Back to the Basics to Fix Education?

Sen. Steve Fischmann had an interesting piece in the paper today on education. The basic point is that there are too many people and entities with policy making power, there are too many standardized tests, and education dollars are not being spent wisely.

These are nice ideas, but our schools are not designed to effectively educate children. They’re socialistic in nature and seem to exist for the benefit of the teachers’ unions and bureaucrats. Fischmann’s fixes, absent serious structural reforms, will not be implemented and the system will continue to founder, failing thousands of New Mexico students at the same time.

We do have a model for success that has resulted in serious educational improvement, but Fischmann (and the rest of the Legislature, for that matter) are not seriously considering systematic reform.

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4 Replies to “Back to the Basics to Fix Education?”

    1. The following information on what Florida did to achieve those results is included in the presentation, but I’ve cut and pasted here:

      The Florida K-12 Reforms:

      Parental Choice- the nation’s largest voucher program (McKay Scholarships), largest private school tax credit program (Step Up for Students). The nation’s sixth strongest charter school law, with 379 charter schools educating over 100,000 students. Florida is also a national leader in virtual schooling.

      Solid state standards and a state accountability exam which has not been made easier to pass over time.

      Real consequences for prolonged school failure in the A+ Opportunity Scholarship program.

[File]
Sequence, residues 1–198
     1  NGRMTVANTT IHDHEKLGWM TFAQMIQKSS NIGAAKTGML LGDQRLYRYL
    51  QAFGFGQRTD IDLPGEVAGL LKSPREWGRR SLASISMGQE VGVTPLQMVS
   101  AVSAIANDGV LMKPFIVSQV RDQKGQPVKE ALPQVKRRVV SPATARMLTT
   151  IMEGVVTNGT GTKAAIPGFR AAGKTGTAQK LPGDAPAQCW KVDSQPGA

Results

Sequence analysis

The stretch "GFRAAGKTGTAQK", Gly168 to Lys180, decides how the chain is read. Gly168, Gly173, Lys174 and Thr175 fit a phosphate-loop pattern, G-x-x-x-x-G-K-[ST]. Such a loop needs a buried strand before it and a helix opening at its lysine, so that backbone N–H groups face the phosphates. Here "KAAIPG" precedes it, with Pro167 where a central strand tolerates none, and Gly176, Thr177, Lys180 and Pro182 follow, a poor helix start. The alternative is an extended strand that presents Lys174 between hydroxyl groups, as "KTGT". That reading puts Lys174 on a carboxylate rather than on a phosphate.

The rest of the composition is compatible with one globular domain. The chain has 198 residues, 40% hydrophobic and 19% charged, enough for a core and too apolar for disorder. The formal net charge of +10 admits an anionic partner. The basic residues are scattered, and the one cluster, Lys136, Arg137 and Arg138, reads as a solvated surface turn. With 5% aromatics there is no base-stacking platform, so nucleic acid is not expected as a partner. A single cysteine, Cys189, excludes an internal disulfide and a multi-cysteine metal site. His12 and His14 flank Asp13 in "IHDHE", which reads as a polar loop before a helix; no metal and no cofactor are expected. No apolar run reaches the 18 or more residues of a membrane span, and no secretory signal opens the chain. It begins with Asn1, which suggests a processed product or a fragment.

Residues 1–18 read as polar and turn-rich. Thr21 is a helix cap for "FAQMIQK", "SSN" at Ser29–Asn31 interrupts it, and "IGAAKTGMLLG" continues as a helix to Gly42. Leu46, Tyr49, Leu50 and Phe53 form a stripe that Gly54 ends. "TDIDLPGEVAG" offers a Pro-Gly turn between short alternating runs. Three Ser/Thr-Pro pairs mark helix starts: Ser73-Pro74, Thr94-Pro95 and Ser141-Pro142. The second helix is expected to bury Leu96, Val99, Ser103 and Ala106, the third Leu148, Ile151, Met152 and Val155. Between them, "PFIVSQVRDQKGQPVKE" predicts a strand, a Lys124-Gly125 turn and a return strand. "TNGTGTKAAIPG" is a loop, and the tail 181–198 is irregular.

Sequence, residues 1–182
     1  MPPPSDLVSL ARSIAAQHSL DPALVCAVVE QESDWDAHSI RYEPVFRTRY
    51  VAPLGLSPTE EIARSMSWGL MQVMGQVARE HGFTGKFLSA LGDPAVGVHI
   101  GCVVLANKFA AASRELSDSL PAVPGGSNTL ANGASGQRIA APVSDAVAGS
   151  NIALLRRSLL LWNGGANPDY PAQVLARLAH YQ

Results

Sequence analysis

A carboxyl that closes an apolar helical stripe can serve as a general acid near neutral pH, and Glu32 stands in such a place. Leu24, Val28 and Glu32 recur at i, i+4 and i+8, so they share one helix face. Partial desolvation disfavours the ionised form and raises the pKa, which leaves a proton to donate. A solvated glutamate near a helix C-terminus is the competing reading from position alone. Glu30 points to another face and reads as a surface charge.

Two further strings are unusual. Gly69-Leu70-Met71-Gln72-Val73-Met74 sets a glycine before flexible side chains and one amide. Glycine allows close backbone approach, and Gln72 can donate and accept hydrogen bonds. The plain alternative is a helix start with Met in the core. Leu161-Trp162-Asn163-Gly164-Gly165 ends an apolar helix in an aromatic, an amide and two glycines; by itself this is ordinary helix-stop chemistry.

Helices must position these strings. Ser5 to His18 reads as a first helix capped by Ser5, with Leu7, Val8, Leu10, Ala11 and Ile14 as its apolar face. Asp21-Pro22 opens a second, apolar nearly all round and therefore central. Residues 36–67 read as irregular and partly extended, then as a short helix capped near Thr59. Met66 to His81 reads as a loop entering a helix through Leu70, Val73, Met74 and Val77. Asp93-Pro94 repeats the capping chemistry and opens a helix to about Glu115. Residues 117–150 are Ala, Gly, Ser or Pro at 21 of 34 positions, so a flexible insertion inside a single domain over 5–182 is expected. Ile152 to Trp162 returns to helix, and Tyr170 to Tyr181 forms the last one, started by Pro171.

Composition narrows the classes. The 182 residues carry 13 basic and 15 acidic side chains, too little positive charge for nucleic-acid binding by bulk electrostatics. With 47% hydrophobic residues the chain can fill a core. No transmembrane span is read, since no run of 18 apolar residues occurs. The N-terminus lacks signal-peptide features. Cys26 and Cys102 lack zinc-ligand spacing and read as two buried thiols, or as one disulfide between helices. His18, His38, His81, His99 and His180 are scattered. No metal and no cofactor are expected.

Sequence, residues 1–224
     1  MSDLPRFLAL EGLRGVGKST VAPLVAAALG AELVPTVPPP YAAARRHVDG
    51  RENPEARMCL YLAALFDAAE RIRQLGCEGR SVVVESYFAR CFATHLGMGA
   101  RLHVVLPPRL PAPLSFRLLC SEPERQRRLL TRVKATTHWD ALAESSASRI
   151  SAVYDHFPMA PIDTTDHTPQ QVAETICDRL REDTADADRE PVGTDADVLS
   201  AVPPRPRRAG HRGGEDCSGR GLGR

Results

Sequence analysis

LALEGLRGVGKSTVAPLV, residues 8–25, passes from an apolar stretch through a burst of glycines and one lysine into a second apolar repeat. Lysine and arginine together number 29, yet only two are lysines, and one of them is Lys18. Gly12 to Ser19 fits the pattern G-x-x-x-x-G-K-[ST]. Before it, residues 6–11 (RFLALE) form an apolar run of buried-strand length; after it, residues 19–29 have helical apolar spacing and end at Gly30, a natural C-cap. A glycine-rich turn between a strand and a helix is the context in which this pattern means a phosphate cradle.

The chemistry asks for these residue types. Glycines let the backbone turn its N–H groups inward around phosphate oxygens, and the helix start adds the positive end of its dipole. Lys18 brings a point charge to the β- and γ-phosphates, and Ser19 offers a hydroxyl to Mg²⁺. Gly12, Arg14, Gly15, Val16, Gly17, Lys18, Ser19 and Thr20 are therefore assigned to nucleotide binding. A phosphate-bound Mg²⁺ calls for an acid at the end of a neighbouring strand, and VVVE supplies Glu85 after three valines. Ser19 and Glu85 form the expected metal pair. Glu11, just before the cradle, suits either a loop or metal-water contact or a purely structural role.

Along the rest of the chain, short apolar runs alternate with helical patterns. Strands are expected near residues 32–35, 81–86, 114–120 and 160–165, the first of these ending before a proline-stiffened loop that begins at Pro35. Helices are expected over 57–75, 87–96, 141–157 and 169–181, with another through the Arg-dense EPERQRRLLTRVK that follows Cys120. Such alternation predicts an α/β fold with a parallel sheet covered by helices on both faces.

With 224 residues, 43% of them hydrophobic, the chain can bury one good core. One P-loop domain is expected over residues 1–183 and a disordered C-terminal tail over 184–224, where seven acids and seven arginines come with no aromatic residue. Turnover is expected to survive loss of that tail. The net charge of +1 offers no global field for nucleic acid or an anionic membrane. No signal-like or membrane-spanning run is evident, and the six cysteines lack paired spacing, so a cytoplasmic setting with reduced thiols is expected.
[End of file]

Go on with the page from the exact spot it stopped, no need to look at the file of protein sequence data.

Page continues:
Alternative Teacher Certification- the nation’s leader, Florida now hires approximately half of all new teachers from alternative certification routes. The percentage of teachers who are Hispanic or African American increased, test scores are up.

      Social promotion ban -Beginning in 2003, Florida put in place a social promotion ban for students not learning basic literacy skills by the end of the third grade. Since inception, the percentage of children scoring low enough to be retained has dropped by 40%.

      Just Read Florida -Florida lawmakers revamped early childhood literacy curriculum and instruction.

  1. I found this article interesting and would be interested in comment:

    http://www.chicagotribune.com/news/columnists/ct-oped-0415-chapman-20100415,0,7825146.column

    Per Stephen Chapman, vouchers have not been a panacea. My take would be that until education is taken from the hands (or claws) or the government, there will be no improvement. Vouchers, charter schools, and national standards are just ways of rearranging the problem. The problem is that government with its intrinsic bureaucracy, inefficiencies, and politics will ruin education in any environment.

    1. Chris,

      I agree with you. Vouchers are not a panacea. They are not a truly “free market” solution any more than those other vouchers called food stamps are 100% free market. The difference is that vouchers of any kind are more market oriented insofar as the money follows the consumers, not the bureaucracies. This is far superior to funding schools — or the government owning farms and grocery stores in the food stamp example — directly through taxes.

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